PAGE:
As a country we need to conceptualize and clarify the interrelated essential constructs that will assist us to rethink, restructure and revitalize public Higher Education (HE). In scoping the discussion on transforming Botswana’s HE system inevitably we are led to a need for major systemic and structural policy changes. Botswana’s Public Higher Education needs to begin to operate from a global space and intensify its internationalization drive in order to attract more tuition fees from international students as a significant contributor to the sector’s revenue base.
This would require developing institutional strategic plans that zero in on projecting a global outlook while also strengthening and enriching their local brand presence. This is inevitable as every public higher institution is forced to operate from a global space regardless of its historical basis. Such thrust is a result of: growing demand for HE, dwindling public revenues, increased student needs centred tuition, market responsive courses, globalization, internationalization, corporatization and efficient and cost effective quality HE.
In taking this policy shift it would mean increasing service quality and student focus. Where institutions begin to be more and more outward looking this would require curriculum re-engineering towards more attractive, highly competitive market orientation. Institutions would then have to assess their position and map their most important customer segments. This means shedding off embedded cultural conservatism that have colored public higher education institutions in this country and acquiring the right fit of expertise and techno-innovation. This would call for HEIs to be more entrepreneurial as their existence would no longer be for national interests only.
In addition, rising student expectation, internationalization, and market competitiveness would compel HEIs to invest in targeted infrastructure, academic and career support to attract more students. This would mean developing transformational institutional strategic plans that seek to increase institutional efficiencies while cutting costs. Such transformation must form the basis of individual institutional continued self-invention modeled on a management outlook that is innovation focused.
Likewise, vital to this would be investment in integrated and streamlined ICT systems to ensure smoother, more costÔÇæefficient running of HEIs. This is so as investing in targeted ICTs is no longer an option as globally HEIs depend more and more on ICTs for administration, student services, networking and general services.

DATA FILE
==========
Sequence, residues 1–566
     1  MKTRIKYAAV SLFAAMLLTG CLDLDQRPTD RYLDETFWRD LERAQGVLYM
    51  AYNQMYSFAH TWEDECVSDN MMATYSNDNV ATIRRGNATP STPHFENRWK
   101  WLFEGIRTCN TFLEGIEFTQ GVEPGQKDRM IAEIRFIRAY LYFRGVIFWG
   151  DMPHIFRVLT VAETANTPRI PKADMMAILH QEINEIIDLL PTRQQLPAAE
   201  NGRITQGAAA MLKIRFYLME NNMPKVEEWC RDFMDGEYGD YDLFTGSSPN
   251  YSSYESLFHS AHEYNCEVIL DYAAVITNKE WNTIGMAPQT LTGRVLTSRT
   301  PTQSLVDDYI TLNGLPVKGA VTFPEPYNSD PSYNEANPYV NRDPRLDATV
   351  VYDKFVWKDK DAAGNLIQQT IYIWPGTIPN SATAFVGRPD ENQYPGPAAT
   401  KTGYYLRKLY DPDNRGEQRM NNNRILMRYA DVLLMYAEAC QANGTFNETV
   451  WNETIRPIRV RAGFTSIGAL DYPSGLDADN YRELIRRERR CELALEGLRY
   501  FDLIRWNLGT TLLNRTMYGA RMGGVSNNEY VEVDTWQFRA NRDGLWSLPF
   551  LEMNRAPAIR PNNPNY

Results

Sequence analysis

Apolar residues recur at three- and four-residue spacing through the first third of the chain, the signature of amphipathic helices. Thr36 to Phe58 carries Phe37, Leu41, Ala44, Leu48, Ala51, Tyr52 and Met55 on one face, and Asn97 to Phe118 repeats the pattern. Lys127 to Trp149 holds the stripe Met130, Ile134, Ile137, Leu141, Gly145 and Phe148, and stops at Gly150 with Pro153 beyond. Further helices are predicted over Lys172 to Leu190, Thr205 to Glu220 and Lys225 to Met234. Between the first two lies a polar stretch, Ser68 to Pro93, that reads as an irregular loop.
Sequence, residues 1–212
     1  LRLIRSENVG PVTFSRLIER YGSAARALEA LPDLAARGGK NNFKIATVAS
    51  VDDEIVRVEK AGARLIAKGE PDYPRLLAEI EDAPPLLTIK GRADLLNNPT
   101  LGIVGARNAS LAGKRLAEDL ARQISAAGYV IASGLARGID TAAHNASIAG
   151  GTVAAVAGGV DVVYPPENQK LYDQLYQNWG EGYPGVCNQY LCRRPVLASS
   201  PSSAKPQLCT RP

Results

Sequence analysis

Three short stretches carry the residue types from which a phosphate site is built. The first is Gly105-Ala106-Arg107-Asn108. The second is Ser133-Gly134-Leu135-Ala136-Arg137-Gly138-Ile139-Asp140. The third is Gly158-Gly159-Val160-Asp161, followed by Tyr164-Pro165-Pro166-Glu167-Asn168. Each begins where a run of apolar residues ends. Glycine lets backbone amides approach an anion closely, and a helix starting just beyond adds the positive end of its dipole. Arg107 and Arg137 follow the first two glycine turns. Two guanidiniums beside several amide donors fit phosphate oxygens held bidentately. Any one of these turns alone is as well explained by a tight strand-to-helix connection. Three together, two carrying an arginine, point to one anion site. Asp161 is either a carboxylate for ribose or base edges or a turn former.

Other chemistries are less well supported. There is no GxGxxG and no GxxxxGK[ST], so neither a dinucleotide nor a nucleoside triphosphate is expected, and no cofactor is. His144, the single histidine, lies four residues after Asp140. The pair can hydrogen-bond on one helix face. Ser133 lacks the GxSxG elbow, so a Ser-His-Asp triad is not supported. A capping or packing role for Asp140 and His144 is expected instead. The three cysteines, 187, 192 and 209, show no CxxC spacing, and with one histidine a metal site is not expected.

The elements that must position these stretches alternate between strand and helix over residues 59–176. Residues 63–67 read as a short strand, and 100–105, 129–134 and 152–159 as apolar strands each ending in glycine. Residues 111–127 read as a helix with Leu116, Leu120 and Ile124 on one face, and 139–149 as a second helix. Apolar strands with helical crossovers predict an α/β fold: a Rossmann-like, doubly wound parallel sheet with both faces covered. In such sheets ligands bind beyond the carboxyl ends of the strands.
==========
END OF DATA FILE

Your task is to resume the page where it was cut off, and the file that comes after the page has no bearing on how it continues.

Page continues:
In view of this, for Botswana’s HEIs to be attractive they need to change from the one way traditional mass lecture learning spaces to more collaborative smaller learning spaces where learners negotiate and construct knowledge in communities of learning. This would require not only a paradigm shift in terms of educational philosophy but also in terms of sound higher education policy that is learner needs focused.
Another trajectory in revitalizing Botswana’s HE system is the need to hire and attract requisite talent that would feed and drive the new institutional strategic plans. HEIs must shed off the systemic tradition of hiring personnel on the basis of nepotism, toadying, reward for loyalty and longevity and align recruitment and promotion with institutional strategy and priority needs.
Another critical area for the future of HEIs is concentration in research and finding other research revenue streams outside those from government. This is critical as with the expansion of the sector in terms of; physical growth, learner enrolment needs, staff, ICT infrastructure, and research engagement government funding has inversely dwindled due to socio-economic and political pressure on national revenue. Institutional competitiveness, internationalization and sound research engagement lead to global ranking especially of universities. Therefore, for Botswana to attain the status of a knowledge hub these are constructs that HEI must concentrate on besides their traditional local and national character and function.
The question is, is Botswana ready to have a world class university as envisioned by the Botswana University of Science and Technology whose mandate would be local and national; spending less time on teaching but more on undertaking sound research for the national mineral economy, other spheres of life and producing globally relevant research that would place the BUIST up there on the “league” table of world top notch universities? Is the University of Botswana as a major league player in HE willing to redefine its strategic direction and start providing courses that offer its students, both local and international, attractive competitiveness in the labor and academic markets? Are we as a country in the HE system willing to even shed off our over obsession with testing and concentrate on education for empowerment?
*David Keagakwa is an academic. He writes in his personal capacity.